07/13/04 — Study favors rail link for Goldsboro

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Study favors rail link for Goldsboro

By Matt Shaw
Published in News on July 13, 2004 1:57 PM

A new study shows that commuter rail service from eastern North Carolina, including Goldsboro, to Raleigh is an affordable, workable idea.

But it will take some political muscle and sweat to turn the idea to reality, a a commuter rail backer said today.

"We have lots of supporters, but we need that one person or group to champion this," said Mike Fragos, Knightdale planning director. "We're ending one phase, and we're looking for someone to push this forward."

Knightdale officials have been working for three years to rally support for Eastrans, a proposed 100-mile-long, U-shaped rail system that would connect Raleigh to Goldsboro and Wilson. The Eastern North Carolina Rail Alliance endorsed the project in 2002.

Now the project has a price tag. A study by Wilbur Smith Associates of Columbia, S.C., concludes that it would cost $126 million to build the rail system. That is far less than the cost of much shorter highway projects, Fragos noted.

It would cost an additional $4.7 million a year in operating expenses.

Although the N.C. Department of Transportation and the Capital Area Metropolitan Planning Organization underwrote a portion of the study's cost, Eastrans does not have any commitments yet for its construction costs.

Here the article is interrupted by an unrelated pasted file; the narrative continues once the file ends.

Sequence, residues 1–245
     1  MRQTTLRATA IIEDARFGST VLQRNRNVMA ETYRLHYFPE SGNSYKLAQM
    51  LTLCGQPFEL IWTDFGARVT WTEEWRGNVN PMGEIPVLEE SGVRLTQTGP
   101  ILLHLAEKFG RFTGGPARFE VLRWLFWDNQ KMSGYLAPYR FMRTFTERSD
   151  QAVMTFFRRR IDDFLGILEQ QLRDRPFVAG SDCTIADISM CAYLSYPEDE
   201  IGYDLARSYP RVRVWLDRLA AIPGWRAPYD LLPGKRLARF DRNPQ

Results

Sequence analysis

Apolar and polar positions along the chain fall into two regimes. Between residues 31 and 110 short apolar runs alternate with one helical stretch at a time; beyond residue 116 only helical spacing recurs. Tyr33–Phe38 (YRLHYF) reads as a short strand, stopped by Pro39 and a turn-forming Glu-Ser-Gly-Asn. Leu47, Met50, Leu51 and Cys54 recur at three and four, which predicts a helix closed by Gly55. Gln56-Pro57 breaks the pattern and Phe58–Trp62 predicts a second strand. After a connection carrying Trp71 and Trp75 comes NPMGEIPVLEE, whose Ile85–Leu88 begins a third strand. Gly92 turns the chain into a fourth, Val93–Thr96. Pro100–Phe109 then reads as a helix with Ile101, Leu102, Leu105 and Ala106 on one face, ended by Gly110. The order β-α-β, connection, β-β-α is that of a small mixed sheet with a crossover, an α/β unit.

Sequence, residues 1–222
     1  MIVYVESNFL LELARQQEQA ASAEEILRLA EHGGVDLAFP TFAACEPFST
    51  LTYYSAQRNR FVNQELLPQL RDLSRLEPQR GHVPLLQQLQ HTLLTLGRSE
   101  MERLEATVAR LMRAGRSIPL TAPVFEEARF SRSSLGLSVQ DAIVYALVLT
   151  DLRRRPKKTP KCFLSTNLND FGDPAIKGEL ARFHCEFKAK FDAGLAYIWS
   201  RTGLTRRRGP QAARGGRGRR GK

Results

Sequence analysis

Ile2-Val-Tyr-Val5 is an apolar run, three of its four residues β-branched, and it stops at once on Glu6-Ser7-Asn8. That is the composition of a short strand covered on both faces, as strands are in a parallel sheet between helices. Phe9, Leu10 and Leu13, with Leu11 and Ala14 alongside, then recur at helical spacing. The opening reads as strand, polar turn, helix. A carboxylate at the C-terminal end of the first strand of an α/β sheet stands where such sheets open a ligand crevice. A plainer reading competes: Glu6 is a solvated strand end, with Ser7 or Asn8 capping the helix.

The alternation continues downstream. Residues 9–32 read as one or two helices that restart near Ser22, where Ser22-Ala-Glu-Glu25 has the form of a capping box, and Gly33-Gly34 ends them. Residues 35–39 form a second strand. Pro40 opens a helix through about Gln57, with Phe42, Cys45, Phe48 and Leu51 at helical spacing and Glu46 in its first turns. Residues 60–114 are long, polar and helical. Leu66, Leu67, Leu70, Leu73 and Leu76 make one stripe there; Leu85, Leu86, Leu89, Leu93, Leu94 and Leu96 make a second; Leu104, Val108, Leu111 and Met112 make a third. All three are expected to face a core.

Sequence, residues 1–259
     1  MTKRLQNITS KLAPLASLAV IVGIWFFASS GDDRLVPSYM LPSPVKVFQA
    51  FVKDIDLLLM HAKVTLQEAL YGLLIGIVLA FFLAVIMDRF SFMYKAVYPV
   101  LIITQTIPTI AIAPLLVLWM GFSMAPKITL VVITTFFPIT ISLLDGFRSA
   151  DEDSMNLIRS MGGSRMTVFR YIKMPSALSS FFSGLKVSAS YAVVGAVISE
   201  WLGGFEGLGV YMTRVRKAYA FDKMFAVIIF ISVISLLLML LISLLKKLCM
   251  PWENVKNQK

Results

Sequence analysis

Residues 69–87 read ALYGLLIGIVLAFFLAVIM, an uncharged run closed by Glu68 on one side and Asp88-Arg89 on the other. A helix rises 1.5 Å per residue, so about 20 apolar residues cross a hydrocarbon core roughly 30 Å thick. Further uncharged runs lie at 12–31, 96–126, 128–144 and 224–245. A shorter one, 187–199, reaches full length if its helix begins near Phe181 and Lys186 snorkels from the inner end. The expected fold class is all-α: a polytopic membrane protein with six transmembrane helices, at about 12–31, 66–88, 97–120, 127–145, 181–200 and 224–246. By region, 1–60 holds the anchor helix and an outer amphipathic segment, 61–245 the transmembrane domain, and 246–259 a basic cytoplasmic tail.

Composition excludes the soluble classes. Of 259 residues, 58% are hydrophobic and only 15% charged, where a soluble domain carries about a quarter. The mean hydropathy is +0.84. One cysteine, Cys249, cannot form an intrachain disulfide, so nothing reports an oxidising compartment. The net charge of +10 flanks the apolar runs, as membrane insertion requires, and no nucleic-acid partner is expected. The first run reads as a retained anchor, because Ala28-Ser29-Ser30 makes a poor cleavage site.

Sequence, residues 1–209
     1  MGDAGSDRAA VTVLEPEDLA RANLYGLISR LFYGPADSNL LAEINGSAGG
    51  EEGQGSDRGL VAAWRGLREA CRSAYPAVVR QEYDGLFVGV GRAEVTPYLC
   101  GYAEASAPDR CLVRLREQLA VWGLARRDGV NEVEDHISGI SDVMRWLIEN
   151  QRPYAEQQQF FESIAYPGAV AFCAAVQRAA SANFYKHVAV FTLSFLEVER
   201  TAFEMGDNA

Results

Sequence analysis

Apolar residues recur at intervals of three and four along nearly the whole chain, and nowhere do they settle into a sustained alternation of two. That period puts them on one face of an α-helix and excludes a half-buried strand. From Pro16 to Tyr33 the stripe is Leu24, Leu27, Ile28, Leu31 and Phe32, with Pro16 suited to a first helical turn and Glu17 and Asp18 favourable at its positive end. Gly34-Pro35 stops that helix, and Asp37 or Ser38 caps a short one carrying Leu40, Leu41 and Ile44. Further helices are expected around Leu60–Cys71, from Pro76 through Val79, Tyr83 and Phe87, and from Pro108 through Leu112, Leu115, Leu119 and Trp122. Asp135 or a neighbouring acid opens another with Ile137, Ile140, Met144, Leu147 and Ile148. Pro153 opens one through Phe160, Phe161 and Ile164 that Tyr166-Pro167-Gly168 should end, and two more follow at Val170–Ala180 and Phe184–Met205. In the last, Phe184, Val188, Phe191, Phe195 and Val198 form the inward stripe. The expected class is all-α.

Fragos is presenting the report to various groups, trying to build momentum.

The study does not project ridership, but the trains would only have to carry 1,350 people a day -- an extremely small percentage of daily commuters -- to make it competitive for state and federal funding, he said.

The U.S. Census Bureau reported in 2000 that 3,000 Wayne County residents commute daily to the Raleigh area.

The rail system would not be intended to relieve highway congestion. Instead, it's intended to be an economic boost to eastern North Carolina, allowing people better access to higher-paying jobs, he said.

The Goldsboro-to-Raleigh line would have proposed stations in Princeton, Selma, Clayton and Garner. It's a relatively straight line owned by the N.C. Railroad Co. and would only need minor improvements.

The Raleigh-to-Wilson line would stop in Knightdale, Wendell, Zebulon, Middlesex and Bailey. Those tracks are owned by the Norfolk-Southern freight company and would need major realignment to allow faster speeds.